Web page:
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E-35 Free Communication/Poster - Injury Friday, June 1, 2018, 7: 30 AM - 12: 30 PM Room: CC-Hall B

Incidence And Severity Of Collegiate Men’s Soccer Lower Leg Injuries On Artificial Versus Natural Grass

2351 Board #187 June 1 9

30 AM - 11

00 AM

Blessing, Shianne M.; Meyers, Michael C. FACSM; Robinson, Shad K.

Author Information
Medicine & Science in Sports & Exercise: May 2018 - Volume 50 - Issue 5S - p 579
doi: 10.1249/01.mss.0000536998.64510.da
  • Free

Recently, artificial turf has been developed to duplicate the playing characteristics of natural grass. No long-term studies have compared match-related, collegiate men’s soccer lower leg trauma between the two surfaces.

PURPOSE: To quantify incidence, mechanisms, and severity of match-related lower leg collegiate men’s soccer injuries on artificial turf versus natural grass.

METHODS: 11 universities were evaluated over 6 seasons for injury incidence rate (IIR) across injury severity, lower leg joint/muscle, elective imaging/surgery, type of tissue injured, injury mechanism/situation, player position, injury category, field conditions, cleat design, and turf age.

RESULTS: Overall, 380 games (49.7%) were played on artificial turf versus 385 games (50.3%) played on natural grass. A total of 256 injuries were documented, with 109 occurring on artificial turf and 147 on natural grass. MANOVAs per 10 games indicated a significant playing surface effect by lower leg trauma-joint/muscle (F11,256 = 5.668; P < .0001/F4,256 = 17.931; P < .001), elective imaging/surgery (F3,256 = 18.129; P < .0001), type of tissue injured (F5,256 = 12.413; P < .0001), injury mechanism/situation (F16,256 = 2.305; P < .001/F8,256 = 5.592; P < .0001), injury category (F6,256 = 40.251; P < .0001), and cleat design (F3,256 = 2.258; P < .047), but none observed by severity injury, player position, and field conditions. Significantly lower IIRs (P = .05-.0001) across distal tibiofibular joint, 0.3 (95% CI, 0.2-0.5) vs 0.5 (95% CI, 0.3-0.8); lower leg muscles combined, 1.4 (95% CI, 1.1-1.8) vs 2.2 (95% CI, 1.8-2.6); total medical procedures combined, 0.8 (95% CI, 0.6-1.1) vs 1.2 (95% CI, 0.9-1.6); ligament sprains, 1.4 (95% CI, 1.1-1.8) vs 1.5 (95% CI, 1.2-1.9); muscle-tendon strain/spasm/tears, 0.6 (95% CI, 0.4-0.9) vs 0.3 (95% CI, 0.2-0.5); tackled from the side/behind, 0.7 (95% CI, 0.5-1.0) vs 1.2 (95% CI, 0.9-1.5); player- turf impacts, 0.2 (95% CI, 0.1-0.3) vs 0.4 (95% CI, 0.2-0.6); adverse weather conditions combined, 0.5 (95% CI, 0.3-0.8) vs 1.3 (95% CI, 1.0-1.7) between artificial turf and natural grass, respectively.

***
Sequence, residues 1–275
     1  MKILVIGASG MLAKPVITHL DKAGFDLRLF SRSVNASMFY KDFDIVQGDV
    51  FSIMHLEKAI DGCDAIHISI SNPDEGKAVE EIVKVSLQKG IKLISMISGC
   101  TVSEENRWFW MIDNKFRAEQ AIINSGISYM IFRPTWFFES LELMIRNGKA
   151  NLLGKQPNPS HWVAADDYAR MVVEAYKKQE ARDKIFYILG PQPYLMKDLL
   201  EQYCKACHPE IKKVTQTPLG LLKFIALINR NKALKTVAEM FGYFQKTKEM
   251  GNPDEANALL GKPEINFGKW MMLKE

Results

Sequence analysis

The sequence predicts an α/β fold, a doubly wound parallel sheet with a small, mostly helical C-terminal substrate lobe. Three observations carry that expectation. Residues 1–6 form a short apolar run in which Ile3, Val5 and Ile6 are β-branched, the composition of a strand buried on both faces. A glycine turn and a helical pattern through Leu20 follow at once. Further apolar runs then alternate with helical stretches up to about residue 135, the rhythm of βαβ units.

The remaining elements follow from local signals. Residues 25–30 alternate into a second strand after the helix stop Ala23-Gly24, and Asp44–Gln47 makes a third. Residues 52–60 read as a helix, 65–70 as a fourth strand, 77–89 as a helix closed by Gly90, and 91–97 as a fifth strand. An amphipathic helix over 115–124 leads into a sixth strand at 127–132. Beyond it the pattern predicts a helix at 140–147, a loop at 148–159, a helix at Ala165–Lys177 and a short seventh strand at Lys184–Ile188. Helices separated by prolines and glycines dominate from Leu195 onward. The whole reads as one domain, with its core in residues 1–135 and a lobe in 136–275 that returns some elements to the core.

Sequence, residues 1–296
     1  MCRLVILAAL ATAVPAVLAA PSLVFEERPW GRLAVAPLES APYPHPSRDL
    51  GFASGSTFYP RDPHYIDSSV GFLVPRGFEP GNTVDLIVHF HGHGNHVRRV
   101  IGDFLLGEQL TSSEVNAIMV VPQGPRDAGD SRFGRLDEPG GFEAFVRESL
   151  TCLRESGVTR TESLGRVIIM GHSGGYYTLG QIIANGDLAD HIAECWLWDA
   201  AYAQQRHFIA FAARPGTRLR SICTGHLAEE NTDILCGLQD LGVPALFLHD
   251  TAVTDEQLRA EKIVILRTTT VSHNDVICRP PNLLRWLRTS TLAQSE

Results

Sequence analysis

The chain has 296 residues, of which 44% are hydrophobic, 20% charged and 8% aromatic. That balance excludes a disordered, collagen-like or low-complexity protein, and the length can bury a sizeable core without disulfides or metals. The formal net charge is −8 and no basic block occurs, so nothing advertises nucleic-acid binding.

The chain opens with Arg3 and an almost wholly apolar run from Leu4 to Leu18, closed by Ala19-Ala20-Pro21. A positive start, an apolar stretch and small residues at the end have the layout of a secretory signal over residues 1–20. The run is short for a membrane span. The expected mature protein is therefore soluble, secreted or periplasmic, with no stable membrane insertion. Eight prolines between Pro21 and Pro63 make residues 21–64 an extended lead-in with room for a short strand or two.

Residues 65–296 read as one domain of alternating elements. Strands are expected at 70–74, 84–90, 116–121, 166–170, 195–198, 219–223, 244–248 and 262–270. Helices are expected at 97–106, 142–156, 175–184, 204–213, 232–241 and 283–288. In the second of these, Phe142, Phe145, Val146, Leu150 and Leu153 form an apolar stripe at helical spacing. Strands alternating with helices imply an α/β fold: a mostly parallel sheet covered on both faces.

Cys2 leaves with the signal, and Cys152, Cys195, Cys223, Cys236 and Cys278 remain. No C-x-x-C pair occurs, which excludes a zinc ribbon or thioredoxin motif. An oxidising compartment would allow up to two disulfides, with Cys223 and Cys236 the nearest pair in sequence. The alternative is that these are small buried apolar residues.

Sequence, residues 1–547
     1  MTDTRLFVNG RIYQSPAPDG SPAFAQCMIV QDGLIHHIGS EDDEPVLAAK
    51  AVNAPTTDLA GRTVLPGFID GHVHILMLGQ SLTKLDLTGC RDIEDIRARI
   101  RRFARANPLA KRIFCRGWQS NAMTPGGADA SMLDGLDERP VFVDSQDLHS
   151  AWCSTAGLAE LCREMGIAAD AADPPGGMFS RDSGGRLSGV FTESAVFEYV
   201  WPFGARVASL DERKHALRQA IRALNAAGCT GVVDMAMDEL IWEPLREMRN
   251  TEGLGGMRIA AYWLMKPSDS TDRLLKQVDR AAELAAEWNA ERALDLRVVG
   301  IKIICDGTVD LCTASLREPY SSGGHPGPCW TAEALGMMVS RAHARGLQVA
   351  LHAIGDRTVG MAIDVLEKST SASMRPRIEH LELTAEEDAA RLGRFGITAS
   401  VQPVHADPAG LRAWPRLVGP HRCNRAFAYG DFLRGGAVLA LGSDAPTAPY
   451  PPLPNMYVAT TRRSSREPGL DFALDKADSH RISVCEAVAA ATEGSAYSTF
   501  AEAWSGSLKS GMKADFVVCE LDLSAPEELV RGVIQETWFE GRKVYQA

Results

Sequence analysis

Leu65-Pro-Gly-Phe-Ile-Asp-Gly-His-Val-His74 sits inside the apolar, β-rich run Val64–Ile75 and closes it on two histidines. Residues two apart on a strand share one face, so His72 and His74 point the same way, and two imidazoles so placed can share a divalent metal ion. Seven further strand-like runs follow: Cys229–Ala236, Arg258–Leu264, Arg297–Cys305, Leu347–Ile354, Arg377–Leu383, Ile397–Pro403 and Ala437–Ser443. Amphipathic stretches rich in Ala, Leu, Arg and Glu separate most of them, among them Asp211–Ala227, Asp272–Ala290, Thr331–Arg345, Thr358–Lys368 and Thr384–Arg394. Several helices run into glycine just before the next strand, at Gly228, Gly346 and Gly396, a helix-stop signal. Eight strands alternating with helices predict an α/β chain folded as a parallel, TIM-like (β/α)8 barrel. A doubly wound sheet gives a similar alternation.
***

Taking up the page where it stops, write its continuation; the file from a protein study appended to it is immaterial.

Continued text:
CONCLUSION: Although similarities exist between both surfaces during competitive play, artificial turf is in many cases safer than natural grass when comparing this specific artificial surface and level of play.

© 2018 American College of Sports Medicine